Former American International Group Inc. Chairman Maurice Greenberg is taking aim at his former company, calling its recent restatement “exaggerated and unnecessary” and saying the restatement was created to justify his ouster.[@@]

In a 50-page “white paper” prepared by Greenberg’s lawyers, Greenberg lays much of the blame for the accounting discrepancies at the feet of other executives and at the feet of the company’s auditor, PricewaterhouseCoopers L.L.P., New York.

AIG’s May financial restatement lowered 2004 net income by 12%, or $1.3 billion, and it knocked a total of 10% off of all AIG net income reported for the 2000-2004 time period.

Greenberg has been the target of both state and federal investigations in connection with questions about the restatement.

“PricewaterhouseCoopers’ past performance warrants a close examination,” Greenberg’s attorneys argue in the white paper.

The attorneys note that, shortly before Greenberg resigned from his operating post at AIG in March, the auditors spent more than 50,000 “person hours” reviewing AIG’s internal controls. The auditors sounded no alarms after completing their review, Greenberg’s attorneys note.

In addition, 5 top executives, including Steven Bensinger, AIG’s chief financial officer, served with PricewaterhouseCoopers before going to work for AIG, the attorneys write.

The authors of the restatement were trying to justify Greenberg’s firing, the attorneys write.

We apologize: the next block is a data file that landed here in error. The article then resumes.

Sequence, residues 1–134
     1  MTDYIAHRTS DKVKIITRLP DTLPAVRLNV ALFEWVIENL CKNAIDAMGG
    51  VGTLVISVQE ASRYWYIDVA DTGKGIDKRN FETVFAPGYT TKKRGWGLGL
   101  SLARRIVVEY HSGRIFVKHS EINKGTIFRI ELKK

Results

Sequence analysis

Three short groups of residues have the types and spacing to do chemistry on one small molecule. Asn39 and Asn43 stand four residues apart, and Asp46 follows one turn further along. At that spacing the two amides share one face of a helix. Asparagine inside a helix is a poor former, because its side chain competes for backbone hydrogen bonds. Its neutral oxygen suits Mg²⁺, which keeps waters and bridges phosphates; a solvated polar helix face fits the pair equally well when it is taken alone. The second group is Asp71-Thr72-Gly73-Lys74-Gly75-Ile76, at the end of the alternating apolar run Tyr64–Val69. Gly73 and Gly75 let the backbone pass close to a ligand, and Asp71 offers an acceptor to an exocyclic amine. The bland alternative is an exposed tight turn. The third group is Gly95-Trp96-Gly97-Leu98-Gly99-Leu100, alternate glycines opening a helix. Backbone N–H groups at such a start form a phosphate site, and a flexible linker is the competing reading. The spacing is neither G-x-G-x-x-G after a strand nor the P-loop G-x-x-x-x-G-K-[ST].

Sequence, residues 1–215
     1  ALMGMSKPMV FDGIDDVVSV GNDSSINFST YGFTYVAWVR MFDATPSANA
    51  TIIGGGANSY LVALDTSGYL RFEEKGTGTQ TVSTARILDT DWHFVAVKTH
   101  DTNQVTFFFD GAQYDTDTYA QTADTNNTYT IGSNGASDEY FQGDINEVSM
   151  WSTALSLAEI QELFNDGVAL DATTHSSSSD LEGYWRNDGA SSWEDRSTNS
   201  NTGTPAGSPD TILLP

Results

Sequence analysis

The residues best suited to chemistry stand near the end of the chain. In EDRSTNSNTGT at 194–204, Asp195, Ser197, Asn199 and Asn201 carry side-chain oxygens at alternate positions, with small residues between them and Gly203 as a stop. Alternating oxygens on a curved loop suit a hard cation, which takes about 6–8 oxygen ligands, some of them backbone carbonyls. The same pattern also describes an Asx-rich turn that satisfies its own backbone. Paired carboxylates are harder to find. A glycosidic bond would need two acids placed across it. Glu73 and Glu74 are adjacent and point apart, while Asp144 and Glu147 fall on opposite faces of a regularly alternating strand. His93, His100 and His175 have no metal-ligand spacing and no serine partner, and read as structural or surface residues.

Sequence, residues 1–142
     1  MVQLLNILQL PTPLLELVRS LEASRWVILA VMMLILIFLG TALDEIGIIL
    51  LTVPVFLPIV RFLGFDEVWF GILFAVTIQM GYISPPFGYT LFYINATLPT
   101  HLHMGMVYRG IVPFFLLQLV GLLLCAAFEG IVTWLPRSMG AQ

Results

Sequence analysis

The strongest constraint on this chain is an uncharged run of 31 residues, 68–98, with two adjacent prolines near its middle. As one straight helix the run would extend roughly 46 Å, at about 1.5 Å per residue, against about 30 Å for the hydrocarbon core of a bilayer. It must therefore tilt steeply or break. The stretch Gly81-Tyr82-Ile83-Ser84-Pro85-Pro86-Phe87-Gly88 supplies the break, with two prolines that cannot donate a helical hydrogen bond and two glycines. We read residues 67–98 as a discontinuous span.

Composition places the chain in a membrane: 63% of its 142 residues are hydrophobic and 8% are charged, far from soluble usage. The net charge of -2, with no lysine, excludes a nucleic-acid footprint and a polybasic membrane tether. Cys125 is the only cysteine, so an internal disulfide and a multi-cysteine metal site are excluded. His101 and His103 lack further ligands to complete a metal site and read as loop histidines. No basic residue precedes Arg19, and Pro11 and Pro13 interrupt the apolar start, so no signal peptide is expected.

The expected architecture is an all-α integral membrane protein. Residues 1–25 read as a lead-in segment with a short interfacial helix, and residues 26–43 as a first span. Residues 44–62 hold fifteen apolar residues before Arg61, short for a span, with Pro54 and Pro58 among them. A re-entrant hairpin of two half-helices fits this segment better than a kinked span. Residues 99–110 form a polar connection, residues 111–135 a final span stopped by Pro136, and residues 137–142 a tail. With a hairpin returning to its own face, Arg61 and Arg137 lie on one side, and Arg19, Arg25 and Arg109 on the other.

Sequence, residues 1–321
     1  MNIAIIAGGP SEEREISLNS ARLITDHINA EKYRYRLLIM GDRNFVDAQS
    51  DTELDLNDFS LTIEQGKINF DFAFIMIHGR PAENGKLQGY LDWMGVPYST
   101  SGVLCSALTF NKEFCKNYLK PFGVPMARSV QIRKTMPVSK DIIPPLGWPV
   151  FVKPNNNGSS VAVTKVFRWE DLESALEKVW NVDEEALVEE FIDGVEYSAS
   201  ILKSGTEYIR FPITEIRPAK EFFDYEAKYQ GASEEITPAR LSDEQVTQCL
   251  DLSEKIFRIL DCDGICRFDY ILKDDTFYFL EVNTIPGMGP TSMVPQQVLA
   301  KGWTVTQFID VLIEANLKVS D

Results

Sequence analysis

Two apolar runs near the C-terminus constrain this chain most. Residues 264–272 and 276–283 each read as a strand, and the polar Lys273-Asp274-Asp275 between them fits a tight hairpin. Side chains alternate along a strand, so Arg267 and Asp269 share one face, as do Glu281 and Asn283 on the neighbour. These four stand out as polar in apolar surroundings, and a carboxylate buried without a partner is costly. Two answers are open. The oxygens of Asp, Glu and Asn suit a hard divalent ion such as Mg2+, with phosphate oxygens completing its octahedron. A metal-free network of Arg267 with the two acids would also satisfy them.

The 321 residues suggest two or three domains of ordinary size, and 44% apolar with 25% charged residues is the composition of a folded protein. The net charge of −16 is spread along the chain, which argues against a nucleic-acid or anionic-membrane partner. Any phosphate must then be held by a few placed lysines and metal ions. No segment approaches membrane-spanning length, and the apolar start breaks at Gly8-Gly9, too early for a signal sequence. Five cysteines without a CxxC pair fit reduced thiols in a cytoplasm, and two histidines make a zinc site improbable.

In addition, “these changes to the [official Form 10-K annual report] may be an attempt by new management to set the bar as low as possible on the investment community’s expectation of AIG earnings going forward,” the attorneys write.

The white paper also mentions a life settlement reinsurance transaction. Some officials have questioned whether the transaction really trasferred risk.

In the white paper, Greenberg’s attorneys repeat previous claims that the Financial Accounting Standards Board has yet to establish firm standards as to what constitutes risk transfer.

Greenberg has refused to testify when questioned about accounting irregularities by New York Attorney General Eliot Spitzer, according to his attorneys.

However, the first sentence of the white paper states, “Mr. Greenberg denies that he personally engaged in any fraudulent transaction.”

Representatives from AIG were not immediately available to comment on the Greenberg white paper.